This year marks the seventy-fifth anniversary of the Battle of the Santa Cruz Islands. The battle is one of seven naval engagements that—together with hard-ground fighting on the part of the U.S. Marines and Army—make up a six-month bloodletting known to history as Guadalcanal. It’s a struggle replete with insights into martial strategy and operations.
There are three big ideas that come out of studying the Solomon Islands campaign. First of all, the physical setting may impel strategic and operational deliberations. The Solomon Islands is a chute of an island chain. Guadalcanal constitutes its southeastern terminus, while the Japanese fortress at Rabaul lay just beyond its northwestern terminus in yesteryear. The Solomons commands little intrinsic value apart from its strategic geography. It invites the greats of literature to turn eloquent phrases disparaging it. James Michener, to name one, terms Guadalcanal “that godforsaken backwash of the world.”
Yet “location, location, location” makes as good a slogan in strategy as in real estate. War is a business of positions, as the little Emperor Napoleon liked to point out. Position augmented by military power translates into strategic advantage for a site’s holder.
And the Solomons abounded in geostrategic potential during World War II. Imperial Japanese Navy warplanes based on Guadalcanal could fan out, menacing shipping steaming along sea routes connecting North America with beleaguered Australia. They could help isolate a crucial American ally in the Pacific War. They could stop the U.S. armed forces from commencing their long march up the island chain toward the Japanese stronghold at Rabaul, the Philippine Islands—which had fallen during the onslaught that engulfed Pearl Harbor—and thence toward Japan itself. And Imperial Japanese Navy warbirds could help Japan stake its claim to even more South Pacific turf.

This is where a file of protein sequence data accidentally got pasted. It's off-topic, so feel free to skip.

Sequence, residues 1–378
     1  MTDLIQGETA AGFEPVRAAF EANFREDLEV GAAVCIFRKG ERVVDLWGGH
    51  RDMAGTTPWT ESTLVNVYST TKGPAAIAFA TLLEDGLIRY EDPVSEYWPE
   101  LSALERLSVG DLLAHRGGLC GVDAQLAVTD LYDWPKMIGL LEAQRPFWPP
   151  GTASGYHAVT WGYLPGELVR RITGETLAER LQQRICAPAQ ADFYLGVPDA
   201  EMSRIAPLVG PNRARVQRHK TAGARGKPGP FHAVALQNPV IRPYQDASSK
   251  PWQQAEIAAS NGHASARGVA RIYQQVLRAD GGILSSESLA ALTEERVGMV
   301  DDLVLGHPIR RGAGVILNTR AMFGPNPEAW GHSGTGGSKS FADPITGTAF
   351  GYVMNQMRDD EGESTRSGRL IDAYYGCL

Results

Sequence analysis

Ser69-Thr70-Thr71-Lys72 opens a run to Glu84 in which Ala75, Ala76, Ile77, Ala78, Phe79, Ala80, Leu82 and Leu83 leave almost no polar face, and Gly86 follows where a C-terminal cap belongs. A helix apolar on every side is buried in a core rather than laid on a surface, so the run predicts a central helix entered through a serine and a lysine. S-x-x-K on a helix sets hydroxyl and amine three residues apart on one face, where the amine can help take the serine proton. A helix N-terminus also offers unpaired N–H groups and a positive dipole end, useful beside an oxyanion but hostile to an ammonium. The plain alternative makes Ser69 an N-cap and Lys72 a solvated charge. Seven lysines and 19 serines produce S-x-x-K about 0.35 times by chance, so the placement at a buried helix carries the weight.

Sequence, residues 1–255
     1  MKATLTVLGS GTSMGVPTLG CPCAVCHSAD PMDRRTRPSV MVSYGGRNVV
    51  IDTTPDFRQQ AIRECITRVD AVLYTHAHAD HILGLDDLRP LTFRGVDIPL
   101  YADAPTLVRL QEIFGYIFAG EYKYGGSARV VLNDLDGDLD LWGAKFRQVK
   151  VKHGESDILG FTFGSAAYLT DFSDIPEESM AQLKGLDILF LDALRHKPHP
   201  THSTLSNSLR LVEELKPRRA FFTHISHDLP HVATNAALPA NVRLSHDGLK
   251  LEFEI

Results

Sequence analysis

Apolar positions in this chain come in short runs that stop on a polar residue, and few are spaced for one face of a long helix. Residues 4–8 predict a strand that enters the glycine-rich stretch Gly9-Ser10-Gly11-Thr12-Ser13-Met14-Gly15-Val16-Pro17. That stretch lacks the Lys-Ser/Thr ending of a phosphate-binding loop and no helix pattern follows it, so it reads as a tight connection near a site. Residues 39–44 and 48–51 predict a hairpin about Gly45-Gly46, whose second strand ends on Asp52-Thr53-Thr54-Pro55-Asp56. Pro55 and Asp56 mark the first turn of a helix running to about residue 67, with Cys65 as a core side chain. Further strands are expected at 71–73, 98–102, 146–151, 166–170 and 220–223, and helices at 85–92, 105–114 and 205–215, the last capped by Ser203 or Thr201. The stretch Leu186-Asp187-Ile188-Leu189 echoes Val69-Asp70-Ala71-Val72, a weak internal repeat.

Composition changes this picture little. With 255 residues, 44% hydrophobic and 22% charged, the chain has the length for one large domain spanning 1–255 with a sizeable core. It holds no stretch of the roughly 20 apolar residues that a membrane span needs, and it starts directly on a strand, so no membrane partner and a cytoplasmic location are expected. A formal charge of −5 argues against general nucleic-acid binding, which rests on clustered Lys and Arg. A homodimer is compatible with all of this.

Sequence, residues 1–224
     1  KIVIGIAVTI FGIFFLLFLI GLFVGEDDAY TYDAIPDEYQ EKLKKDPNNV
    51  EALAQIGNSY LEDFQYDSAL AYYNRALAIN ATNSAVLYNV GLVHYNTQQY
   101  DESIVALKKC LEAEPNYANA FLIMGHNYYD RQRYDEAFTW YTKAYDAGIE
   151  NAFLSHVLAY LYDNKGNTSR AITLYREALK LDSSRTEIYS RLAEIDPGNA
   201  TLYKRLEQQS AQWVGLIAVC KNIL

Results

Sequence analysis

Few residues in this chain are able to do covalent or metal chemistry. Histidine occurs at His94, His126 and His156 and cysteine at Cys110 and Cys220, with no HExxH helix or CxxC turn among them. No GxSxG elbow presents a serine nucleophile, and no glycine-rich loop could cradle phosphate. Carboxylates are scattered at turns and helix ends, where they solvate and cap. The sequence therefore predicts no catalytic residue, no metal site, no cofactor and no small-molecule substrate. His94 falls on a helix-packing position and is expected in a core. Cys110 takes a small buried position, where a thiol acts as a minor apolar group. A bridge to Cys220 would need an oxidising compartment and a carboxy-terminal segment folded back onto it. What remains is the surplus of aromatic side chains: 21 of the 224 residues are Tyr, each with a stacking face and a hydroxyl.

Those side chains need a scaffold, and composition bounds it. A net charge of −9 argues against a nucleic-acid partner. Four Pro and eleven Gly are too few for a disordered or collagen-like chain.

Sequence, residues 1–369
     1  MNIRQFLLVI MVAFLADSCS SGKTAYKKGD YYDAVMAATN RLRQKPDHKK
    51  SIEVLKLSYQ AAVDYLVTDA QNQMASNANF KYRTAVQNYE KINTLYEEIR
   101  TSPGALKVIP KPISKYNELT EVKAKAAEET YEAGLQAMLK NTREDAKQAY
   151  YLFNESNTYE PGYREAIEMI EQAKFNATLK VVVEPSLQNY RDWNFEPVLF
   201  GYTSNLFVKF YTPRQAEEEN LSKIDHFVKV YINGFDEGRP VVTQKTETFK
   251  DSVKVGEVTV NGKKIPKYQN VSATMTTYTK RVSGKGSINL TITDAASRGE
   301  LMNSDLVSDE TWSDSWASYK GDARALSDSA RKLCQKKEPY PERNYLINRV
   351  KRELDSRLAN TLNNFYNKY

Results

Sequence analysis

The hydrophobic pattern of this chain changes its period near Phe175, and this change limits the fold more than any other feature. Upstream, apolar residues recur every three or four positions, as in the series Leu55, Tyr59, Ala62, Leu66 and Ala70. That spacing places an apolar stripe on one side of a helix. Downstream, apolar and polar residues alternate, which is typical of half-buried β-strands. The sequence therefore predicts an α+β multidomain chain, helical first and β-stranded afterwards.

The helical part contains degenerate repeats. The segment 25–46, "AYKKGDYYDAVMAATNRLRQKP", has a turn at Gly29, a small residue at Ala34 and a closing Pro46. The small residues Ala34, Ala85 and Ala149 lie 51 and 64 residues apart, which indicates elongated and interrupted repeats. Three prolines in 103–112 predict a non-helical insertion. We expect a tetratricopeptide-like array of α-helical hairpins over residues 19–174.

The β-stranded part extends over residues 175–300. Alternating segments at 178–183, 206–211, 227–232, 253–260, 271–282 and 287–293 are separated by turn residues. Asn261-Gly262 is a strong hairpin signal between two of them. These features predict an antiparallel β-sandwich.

The U.S. high command, spurred by Chief of Naval Operations Ernest King, pronounced surrendering such strategically located ground unacceptable. Admiral King agitated constantly on behalf of offensive action in the Pacific theater—and he made the Solomons his project in mid-1942. The fight in and around the Solomons would last for twenty-six weeks, from the American amphibious landings in August 1942 until the Japanese pullout in February 1943. That’s a lot of resources, manpower and time to expend on something about which you care little.
Lesson one: it may be worthwhile to undertake a campaign to deny an adversary something rather than wrest it away for yourself. If so, you surrender some strategic autonomy. You go somewhere because an antagonist precedes you there. Contenders, in short, may not get to fight on ground of their choosing. Sometimes they fight where and when they wish. Other times they fight where and when they must. And once in awhile neither combatant especially cares to contest a particular battleground. They bestride the field to deny it to each other.
Such was the case with Guadalcanal. American and Japanese forces waged a “bloody and desperate campaign” for—as historian Samuel Eliot Morison puts it—real estate that “neither side really wanted, but which neither could afford to abandon to the enemy.” It’s doubtful the U.S. leadership would have felt constrained to go to Guadalcanal had the Imperial Japanese Navy not gone there first and commenced constructing an airstrip, which was dubbed Henderson Field once it was under U.S. Marine management.